"perfectly good content"??? Hmm. In no specific order: (i) The content uses the relativistic notations without telling the reader it's about relativistic limit and/or making him/her think it's a relativistic effect only, (ii) weird use of instead of (they are connected, but what's the point?), (iii) lack of non-relativistic expressions (which are needed for e.g. understanding the next section), (iv) mix of three related values (v, beta, and gamma) instead of deciding on a single one, (v) obviously wrong statements like "integrating by parts", (vi) talking only about one specific case (a||v) and not mentioning the general one, (vii) making general conclusions (electrons vs. muons rates) based on this special case only (why?), (viii) no mention whatsoever that it's about dipole approximation only, etc. Add to it that for relativistic case, the actual results are strongly influenced by the QED corrections - see e.g. Landau&Lifshits&Pitaevski IVth book. Where do you see there the m^6 dependence? --Evgeny (talk) 18:16, 12 February 2008 (UTC)
Perfectly good, not "perfect" without qualifiers. :)
  • (i) Sure, it should have mentioned it was relativistic. Now it does, and all the expressions are fully relativistic and correctly reduce in the non-relativistic limit.
  • (ii) mu0 and epsilon0 are equally acceptable and I see no reason to prefer one over the other. I don't see what's "weird" about it, and I don't care which is used as long as only one is, since you don't need both. However, this way you don't get large powers of c.
  • (iii) Better than giving the special case v=0, to which these expressions correctly reduce. If one is interested, one can follow the link to Lorentz factor and find that gamma ~= 1 + 1/2 beta^2. I'm not sure what the concern is since all relativistic expressions are also valid in non-relativistic situations.
  • (iv) Of course, simplicity is desired, but I think this is probably unavoidable. If your other expressions were valid in an arbitrary frame of reference, they would have included v, then you also have acceleration a, beta and beta-dot (not the same as a and complicating things further due to proper vs. co-ordinate time).
  • (v) What on earth is obviously wrong about integrating by parts? Indeed, you integrate over all angles, and by parts is perhaps the best way, and certainly a completely possible and utterly correct way, to do this integration.
  • (vi) Yes, this was because the derivation in Griffiths was nice for this simplified case. But of course the derivation is not relevant here, and it's a bit weird to have the a||v restriction, so I am reconsidering.
  • (vii) Because this is basically the simplest possible example of bremsstrahlung, and it illustrates an important, relevant and general property of muons without much complication. Of course I'm aware that gamma arises to different powers in different terms such as the a dot v term, but the intention is only to demonstrate that high powers of gamma have this general effect. I'll clarify this.
  • (viii) Thanks, good point.
  • (ix) Can you show me what's in this book? I am separated from all my books for some time. I think I know the effect you're referring to, by a different name. If I recall correctly(?), in the ultrarelativistic case, the *proportional* energy loss flattens to a plateau, becoming approximately constant. Anyway, mentioning QED corrections in this section with anything more than a little footnote would be a vast overcomplication. As I said, the point was to use the simplest possible example of bremsstrahlung to illustrate an important characteristic of muons. The exact power of gamma is not as important.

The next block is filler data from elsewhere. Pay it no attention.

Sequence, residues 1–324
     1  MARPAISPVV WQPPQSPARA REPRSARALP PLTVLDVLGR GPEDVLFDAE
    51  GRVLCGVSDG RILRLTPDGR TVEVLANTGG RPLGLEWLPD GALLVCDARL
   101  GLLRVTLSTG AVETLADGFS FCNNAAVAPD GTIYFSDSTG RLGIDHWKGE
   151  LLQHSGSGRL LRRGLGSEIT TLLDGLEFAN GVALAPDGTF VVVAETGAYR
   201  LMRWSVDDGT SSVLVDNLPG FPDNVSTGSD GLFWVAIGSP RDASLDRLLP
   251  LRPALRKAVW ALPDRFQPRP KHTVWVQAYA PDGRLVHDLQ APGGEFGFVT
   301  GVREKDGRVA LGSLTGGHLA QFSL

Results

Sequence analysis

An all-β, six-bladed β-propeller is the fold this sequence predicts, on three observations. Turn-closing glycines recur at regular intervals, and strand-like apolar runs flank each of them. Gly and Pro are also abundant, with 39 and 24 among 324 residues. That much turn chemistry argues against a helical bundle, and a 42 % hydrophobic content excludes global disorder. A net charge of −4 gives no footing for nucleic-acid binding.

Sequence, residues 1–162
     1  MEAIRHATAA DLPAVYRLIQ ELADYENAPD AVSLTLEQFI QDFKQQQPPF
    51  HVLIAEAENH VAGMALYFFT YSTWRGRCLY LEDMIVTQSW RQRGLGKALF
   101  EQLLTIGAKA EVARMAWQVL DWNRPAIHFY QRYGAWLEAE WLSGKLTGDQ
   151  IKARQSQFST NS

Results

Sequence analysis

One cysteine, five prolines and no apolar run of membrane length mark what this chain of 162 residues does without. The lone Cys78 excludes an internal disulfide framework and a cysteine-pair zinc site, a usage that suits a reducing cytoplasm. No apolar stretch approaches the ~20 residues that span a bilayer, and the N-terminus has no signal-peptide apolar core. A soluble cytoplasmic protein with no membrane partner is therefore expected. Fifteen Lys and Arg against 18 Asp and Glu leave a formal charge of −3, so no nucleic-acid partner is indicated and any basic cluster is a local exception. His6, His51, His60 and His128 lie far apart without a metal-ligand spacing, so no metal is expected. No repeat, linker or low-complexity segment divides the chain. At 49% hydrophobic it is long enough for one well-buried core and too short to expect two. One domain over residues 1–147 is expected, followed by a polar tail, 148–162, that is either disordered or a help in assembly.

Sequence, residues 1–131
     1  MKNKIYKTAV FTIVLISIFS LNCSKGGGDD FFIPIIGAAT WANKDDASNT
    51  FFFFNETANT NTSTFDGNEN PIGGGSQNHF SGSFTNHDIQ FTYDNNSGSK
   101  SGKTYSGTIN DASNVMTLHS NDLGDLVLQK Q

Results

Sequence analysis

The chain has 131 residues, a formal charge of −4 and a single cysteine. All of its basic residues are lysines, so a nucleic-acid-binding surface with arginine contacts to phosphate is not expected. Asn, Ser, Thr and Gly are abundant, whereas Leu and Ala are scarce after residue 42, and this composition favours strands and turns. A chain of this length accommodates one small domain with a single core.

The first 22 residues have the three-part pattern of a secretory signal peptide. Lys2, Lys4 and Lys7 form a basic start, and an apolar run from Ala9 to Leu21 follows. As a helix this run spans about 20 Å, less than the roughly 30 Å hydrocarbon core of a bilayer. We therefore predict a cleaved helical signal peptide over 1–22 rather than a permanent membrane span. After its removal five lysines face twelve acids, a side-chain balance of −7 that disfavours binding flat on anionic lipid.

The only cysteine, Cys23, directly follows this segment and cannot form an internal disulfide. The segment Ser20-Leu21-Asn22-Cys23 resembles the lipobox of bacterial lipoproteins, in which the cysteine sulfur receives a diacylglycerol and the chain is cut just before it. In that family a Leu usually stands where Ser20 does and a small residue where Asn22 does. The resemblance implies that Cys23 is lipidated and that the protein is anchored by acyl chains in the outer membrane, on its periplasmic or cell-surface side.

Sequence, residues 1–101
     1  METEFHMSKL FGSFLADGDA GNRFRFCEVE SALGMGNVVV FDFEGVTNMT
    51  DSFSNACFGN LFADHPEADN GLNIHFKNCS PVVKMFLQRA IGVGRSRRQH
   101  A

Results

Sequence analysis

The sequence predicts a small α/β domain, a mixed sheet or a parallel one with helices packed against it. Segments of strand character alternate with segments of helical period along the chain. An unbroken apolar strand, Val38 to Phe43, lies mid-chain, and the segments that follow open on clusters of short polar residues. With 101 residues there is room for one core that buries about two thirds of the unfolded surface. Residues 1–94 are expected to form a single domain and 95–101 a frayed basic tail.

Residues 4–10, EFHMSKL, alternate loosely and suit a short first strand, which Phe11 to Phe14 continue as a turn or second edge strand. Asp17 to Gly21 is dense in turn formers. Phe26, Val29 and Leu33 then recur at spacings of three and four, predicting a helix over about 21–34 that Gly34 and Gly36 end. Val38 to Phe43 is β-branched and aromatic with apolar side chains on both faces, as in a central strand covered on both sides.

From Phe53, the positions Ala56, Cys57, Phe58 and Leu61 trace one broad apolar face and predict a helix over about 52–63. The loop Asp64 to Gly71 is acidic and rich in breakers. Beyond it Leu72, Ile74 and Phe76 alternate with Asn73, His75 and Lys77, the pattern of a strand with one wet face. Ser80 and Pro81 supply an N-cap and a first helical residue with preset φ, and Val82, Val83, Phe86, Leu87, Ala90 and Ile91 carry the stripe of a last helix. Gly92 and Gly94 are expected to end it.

• Anyway, thanks for the criticisms. As I said, the section had some weaknesses which I have tried to address. Also, perhaps a general word of caution about this article (not directed at Evgeny). It is becoming a bit heavy on technical detail and formula. Some editor may request it to be toned down to a more general audience. I won't trim down any sections (but other editors might in order to improve the general readability), and regardless I strongly suggest having short simple examples and using them to illustrate a basic useful point. The guidelines are: cater to a general audience, keep readers first, and make technical articles accessible. Of course that doesn't mean we can't have a useful resource for physicists, but there must be balance! Rotiro (talk) 21:38, 15 February 2008 (UTC)

In fact, the additional term due to a dot v in your expression gives a gamma^8 (!!!) dependance, which, along with the gamma^6 of the other term, only makes my point stronger. I have a strong preference for avoiding the complications of a discussion on proper vs. observer time, and not introducing additional notation, so do you mind if we change beta dot to (gamma a / c) ? And, do you have an expression for the relativistic angular power distribution for arbitrary a and v? I agree with you that there's not much point to consider only the case a||v. Rotiro (talk) 22:57, 15 February 2008 (UTC)

astro section[edit]

I added this section after being frustrated that every discussion on Bremsstrahlung radiation (BR) ignores its use in astrophysics, and specifically that BR has a broader application in the thermalized regime. The text is very simplistic, but is intended so to keep the reader from being bogged down in the specifics of calculations and physics details.

recent shortening of the article[edit]

somebody recently shortened the article cutting away a lot of text and the plot. Why? It is true that the previous incarnation was somewhat chaotic, but there was some valuable information that disappeared 17:19, 9 November 2006 (UTC)

  • I just noticed that also the categories physics, german loanword etc. disappeared... I will revert the page to the OCT 30 stand. 17:24, 9 November 2006 (UTC)


This article really needs an explanation of what causes bremsstrahlung. There's a definition of the term, but that's it. Maury 13:09, 21 November 2006 (UTC)

Beta decay[edit]

"the photon's energy comes from the electron/neutron pair"

Should this read "...from the electron/proton pair"? -- 21:19, 23 January 2007 (UTC)


Shouldnt it be spelt Brehmsstrahlung? This spelling is supported by numerous website, and also the paper I am currently reading. —The preceding unsigned comment was added by RogueNinja (talkcontribs) 19:46, 2 February 2007 (UTC).

No, the spelling is correct (from german "bremsen", meaning to brake). 16:25, 1 March 2007 (UTC)

I came here to confirm I was spelling it correctly, as R. W. Bussard fairly consistently spelled it "bremmstrahlung", and I felt compelled to check after encountering that twice tonight. His spell-checker had no clue either way. The spelling in this article is consistent with every solid reference I've checked. Tomligon (talk) 03:08, 15 January 2009 (UTC)